Global energy storage market to rebound in 2021, despite COVID-19

The global market for energy storage is expected to decline in 2020 due to project delays and lack of access to residential and commercial clients as a result of lockdown restrictions, says Frost & Sullivan.

However, according to the research firm’s Outlook for the Global Energy Storage Industry 2020 report, the market will rebound and witness strong capacity addition despite COVID-19 as from 2021.

The market is expected to record accelerated growth from 2022 onwards, with annual capacity additions hitting 23.3GW in 2025 up from 4.1GW in 2019.

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US, Germany, Japan and China will continue to be key markets on the back of supportive regulations and incentives.

South Korea, which was the global leader in energy storage solutions in 2018, is likely to drop a few positions but remain one of the top five.

Factors driving an increase in energy storage adoption include high electricity prices, declining feed in tariffs, increasing grid demand charges and declining technology and project costs.

To stimulate growth, energy storage system companies can:

  • Retrofit existing solar PV systems with additional energy storage capacity. Storage manufacturers should develop strong relationships with solar system integrators and installers.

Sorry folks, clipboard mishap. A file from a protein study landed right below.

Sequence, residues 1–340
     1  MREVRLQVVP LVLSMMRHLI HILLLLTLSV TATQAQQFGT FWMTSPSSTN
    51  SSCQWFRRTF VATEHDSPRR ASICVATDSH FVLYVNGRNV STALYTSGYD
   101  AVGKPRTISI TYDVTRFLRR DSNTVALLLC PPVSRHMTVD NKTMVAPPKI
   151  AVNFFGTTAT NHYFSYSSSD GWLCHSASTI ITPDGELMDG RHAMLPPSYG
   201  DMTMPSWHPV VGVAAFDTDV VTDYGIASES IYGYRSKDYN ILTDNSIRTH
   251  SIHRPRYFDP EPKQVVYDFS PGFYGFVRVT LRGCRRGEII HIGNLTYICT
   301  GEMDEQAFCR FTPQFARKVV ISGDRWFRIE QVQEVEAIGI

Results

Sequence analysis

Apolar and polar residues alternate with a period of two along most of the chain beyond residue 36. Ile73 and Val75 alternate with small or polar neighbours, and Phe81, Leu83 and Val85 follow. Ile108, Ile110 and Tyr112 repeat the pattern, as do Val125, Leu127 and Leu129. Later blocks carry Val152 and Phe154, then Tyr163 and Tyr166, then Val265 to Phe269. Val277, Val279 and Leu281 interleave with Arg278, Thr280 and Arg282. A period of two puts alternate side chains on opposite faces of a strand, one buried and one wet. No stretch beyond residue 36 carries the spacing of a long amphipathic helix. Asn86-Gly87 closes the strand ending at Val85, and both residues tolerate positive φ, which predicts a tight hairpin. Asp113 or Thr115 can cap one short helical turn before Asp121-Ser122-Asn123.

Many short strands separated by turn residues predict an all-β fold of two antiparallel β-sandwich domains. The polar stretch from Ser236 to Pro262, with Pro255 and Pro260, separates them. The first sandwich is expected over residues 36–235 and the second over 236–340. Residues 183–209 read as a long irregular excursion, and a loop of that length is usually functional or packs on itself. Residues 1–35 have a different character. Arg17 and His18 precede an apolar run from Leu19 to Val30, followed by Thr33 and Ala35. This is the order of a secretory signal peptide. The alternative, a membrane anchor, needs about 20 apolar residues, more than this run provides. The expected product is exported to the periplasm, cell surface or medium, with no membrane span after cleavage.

• Leverage big data analytics to enable utilities to determine likely demand in a particular locality and deal with fluctuating customer loads.
  • Forge partnerships with energy management solution providers to offer in-built, cloud-based battery monitoring and fault diagnosis platforms with relevant cybersecurity measures.
  • Incorporate machine learning algorithms to develop smart self-learning systems that can optimise storage depending on renewable loads.
  • Develop or partner with the providers of virtual power plant solutions, as these will become increasingly important in the decentralised energy markets of the future. 
  • Integrate innovative business models and multiple revenue streams such as revenue stacking.

Jonathan Robinson, energy programme lead at Frost & Sullivan, said: “The fundamentals behind an investment in energy storage remain strong.

“Residential and commercial customers are facing high energy costs and want to do something to reduce them, as well as guaranteeing security of supply –energy storage enables them to achieve this.

“Project sizes and values can vary significantly within the commercial and industrial, and grid spaces, depending on the volume of storage required and for what time period.

“Each project needs to be thoroughly assessed to ensure the solution is right-sized for customer needs – otherwise the actual ROI will not match the projected one.”

For further information about the report, visit: